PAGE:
January 7, 2022
A belated happy New Year to those who peruse this page. This space has been negative on markets for so long, it can now be measured in years rather than months, and that has enough similarities to the classic story ‘The boy who cried wolf’, that the best solution was to stop spreading the pessimism.
As the new year approaches, it appears that some of the pessimism may be warranted, and if anyone was going to take action to protect against the excessive enthusiasm driving markets, now would be a good time.
As the COVID crash and subsequent rally unfolded (22 months of steady, unrelenting increases in market averages), the primary driving force was not ‘organic’ economics. The primary driving force was central bank liquidity. This has all been covered here for two years, but let’s highlight some key charts again.
Below is the chart of M1 – Money supply for the USA. M1 is a measure of how much money is moving about in the real economy outside of the Federal Reserve Banks. During the COVID crash, the bank has flooded the economy with money. The table below shows the magnitude in numbers. In January 2020, there was just $4 trillion of cash in the economy. In 2020 the market was flooded with $12 trillion and in 2021 another $4 trillion was added. That’s $8.2t per year on average. Certainly any expectations for markets to decline were mistaken.
|Year||M1 ($b)||Annual Growth|
All of this money had to go somewhere, and asset prices are rising. The data regarding household wealth is pretty compelling. Consumers are actually saving more during the pandemic. Here is a chart of deposits and currency for households and nonprofit organizations. I have used 2000 as the start level to help get a sense of what normal looked like before the 2008 housing crisis and the COVID crash.
Not only has the market been flooded with cash, but central banks have held interest rates abnormally low to ease strains on the financial system. This has led to a mountain of debt being taken on at all levels. The next chart, below is a view of total debt for all sectors since 1950. There are three key inflection points.
- The first around 1980, when Ronald Reagan reduced federal income tax and capital gains taxes (taking on debt to buy anything made sense!).
- The second around 2008 when the housing crisis caused a pause until interest rates were forced down by the federal reserve; and
- Finally, in 2020 when the economy was flooded with money
It is helpful to look at all of this in relation to interest rates and so the chart below shows interest rates from 1960 through until today. The largest over riding factor is the relentless march of interest rates from 14% to 0.25%. They cannot reasonably go lower, although negative rates are being tried in various countries to spur spending.
It is worth noting
- interest rates rose in 1980 (Reaganomics) which slowed inflation at the same time as tax rates were lowered. This inspired the debt binge which unleashed much working capital for businesses to expand.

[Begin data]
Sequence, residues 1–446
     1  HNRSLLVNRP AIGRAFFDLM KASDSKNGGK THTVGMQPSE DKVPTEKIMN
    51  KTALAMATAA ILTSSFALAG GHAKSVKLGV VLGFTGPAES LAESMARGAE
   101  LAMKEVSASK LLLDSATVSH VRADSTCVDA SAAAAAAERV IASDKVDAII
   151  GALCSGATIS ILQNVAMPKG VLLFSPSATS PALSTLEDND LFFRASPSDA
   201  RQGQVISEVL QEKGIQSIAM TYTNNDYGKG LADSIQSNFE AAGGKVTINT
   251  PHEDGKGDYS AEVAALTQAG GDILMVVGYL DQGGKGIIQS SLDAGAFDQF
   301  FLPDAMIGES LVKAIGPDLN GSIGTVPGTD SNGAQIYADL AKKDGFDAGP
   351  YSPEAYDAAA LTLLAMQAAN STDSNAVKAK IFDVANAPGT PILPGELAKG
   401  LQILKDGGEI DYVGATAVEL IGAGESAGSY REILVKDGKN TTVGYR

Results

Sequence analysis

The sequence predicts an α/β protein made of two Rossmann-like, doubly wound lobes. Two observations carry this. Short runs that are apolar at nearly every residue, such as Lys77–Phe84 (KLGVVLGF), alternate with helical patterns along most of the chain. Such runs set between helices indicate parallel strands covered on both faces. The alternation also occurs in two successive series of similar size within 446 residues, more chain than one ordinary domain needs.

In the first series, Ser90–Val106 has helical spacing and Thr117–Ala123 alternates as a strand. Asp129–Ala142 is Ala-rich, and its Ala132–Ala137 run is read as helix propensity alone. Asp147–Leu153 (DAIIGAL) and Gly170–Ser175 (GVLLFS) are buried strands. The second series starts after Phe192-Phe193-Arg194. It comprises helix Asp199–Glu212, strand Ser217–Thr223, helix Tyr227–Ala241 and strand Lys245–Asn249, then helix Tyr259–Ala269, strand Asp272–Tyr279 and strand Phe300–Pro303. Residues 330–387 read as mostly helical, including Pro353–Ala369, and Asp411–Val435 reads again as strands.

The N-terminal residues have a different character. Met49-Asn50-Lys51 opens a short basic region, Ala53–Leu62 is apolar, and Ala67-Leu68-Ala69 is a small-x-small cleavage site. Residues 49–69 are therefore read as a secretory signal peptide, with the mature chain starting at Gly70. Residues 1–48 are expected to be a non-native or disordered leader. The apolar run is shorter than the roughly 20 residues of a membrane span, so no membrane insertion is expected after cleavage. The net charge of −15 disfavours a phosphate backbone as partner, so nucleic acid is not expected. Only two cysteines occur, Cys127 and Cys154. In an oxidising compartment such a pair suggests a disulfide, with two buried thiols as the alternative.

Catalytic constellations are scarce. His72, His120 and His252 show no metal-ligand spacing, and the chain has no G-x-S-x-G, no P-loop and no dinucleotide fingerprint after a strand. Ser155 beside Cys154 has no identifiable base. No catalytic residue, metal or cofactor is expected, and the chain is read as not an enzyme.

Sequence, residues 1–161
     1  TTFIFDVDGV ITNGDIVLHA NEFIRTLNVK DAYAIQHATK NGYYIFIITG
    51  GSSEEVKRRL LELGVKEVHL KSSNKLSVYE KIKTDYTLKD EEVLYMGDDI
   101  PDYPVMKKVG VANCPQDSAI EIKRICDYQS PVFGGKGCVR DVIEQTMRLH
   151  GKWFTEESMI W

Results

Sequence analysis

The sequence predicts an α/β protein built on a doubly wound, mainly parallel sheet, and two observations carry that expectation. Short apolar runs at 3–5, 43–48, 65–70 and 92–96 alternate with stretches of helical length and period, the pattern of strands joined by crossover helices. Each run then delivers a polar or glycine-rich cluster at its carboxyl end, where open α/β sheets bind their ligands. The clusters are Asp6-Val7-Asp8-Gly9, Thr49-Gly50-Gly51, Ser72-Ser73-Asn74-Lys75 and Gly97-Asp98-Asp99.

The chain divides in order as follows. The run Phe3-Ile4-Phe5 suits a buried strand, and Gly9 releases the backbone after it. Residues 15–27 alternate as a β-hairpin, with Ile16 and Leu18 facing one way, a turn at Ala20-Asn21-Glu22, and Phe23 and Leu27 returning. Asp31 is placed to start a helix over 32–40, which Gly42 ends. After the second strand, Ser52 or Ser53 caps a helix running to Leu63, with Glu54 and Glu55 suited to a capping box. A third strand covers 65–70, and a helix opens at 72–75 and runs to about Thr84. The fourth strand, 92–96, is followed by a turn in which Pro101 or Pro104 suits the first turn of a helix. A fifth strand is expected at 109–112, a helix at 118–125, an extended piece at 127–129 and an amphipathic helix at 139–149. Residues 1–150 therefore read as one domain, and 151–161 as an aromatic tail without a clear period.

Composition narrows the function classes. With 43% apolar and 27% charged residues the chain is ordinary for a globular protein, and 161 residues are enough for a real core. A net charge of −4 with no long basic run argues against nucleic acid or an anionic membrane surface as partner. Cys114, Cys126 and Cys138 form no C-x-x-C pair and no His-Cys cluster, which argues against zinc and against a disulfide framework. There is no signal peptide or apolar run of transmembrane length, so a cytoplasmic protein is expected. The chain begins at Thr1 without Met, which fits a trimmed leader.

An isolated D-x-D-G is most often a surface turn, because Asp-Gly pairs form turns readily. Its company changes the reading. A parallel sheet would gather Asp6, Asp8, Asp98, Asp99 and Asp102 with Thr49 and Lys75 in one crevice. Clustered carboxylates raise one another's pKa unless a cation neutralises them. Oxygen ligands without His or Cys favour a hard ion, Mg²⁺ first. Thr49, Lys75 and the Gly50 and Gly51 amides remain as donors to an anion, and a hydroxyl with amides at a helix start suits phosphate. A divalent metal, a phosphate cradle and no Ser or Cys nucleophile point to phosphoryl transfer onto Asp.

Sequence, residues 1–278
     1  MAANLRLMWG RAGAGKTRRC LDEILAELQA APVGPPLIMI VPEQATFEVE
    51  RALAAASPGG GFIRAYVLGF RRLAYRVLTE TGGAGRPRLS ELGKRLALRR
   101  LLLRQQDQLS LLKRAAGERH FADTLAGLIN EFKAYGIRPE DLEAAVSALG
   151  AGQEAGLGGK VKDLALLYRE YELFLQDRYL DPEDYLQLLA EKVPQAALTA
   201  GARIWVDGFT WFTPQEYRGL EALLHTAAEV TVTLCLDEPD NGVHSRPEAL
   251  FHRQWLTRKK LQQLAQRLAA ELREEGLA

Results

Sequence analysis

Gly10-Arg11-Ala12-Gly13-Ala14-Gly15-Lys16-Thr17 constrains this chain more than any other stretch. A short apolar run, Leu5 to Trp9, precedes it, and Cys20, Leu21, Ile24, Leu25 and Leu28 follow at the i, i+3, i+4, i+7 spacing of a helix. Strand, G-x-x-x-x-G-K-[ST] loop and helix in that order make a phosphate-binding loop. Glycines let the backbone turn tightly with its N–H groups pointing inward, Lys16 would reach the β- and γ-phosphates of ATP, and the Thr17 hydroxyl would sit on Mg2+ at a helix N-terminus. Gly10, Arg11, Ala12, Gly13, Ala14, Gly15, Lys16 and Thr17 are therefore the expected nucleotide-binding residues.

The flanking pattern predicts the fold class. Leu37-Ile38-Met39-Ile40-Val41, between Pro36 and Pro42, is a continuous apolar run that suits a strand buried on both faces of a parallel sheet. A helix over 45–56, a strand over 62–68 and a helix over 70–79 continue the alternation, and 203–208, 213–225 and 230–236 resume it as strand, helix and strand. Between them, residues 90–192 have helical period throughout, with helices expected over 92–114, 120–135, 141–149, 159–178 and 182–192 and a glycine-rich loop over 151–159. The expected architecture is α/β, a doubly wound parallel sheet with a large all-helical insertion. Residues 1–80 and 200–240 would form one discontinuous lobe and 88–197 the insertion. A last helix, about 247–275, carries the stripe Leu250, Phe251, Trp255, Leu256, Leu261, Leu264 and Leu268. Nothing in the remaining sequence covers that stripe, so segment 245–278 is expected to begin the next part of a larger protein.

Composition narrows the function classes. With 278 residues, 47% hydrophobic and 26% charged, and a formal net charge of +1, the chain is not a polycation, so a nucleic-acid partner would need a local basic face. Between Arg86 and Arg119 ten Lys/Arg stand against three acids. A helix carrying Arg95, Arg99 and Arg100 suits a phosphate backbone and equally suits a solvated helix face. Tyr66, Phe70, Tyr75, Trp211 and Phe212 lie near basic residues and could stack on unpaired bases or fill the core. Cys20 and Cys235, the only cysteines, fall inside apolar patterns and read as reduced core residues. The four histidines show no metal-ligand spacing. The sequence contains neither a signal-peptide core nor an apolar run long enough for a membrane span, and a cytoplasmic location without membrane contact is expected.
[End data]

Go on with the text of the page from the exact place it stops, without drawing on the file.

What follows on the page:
- Interest rates rose in September 1987. The stock market crashed.
- Interest rates rose between April 1994 and April 1995. The stock market paused until the yield curve flattened in early 1995, then stock prices accelerated again.
- Rates rose sharply starting in July 1999 as stock markets ballooned. Some readers may remember the collapse of markets that started in April of 2000 and lasted until late 2002. (Markets were arguably saved by a collapse in interest rates.)
- Rates rose sharply again until the summer of 2006 when cracks began appearing in the housing market. The collapse began in earnest in October 2007.
- Rates did not rise above 1% again until December 2016 but then rose steadily to 3% through July of 2019.
- As stock market growth slowed in the summer of 2019, interest rates were dropped again and then, the COVID crash occurred starting in February of 2020.
- Since then rates have been held at 0.25%
On Wednesday (January 5th, 2022), the Federal Reserve released the minutes from their last meeting which highlighted that the central bank will reduce their buying of debt (quantitative easing) and the likelihood that interest rates will be heading higher very soon. In simple terms, they are going to stop flooding the market with liquidity.
When the central bank flooded the market with liquidity to save asset prices, it was clearly wise to invest heavily in almost any asset. The central bank and their policies didn’t just save the market, it boosted it considerably.
The question now should be whether it makes sense to pull money out of markets as the fed removes liquidity? Broadly speaking the answer is yes, the only problem is that all assets are expensive by historical standards, so what do you do with cash? That is for another day, but the downside risks are rising again, and the pressure is likely to last for a long time.
Despite crying wolf too many times, when markets decline, they often decline much faster than they rise and many, many market participants believe that asset prices are in bubble territory. The first leg down may come quickly and with little or no warning. Selling earlier rather than later may prove to be wise.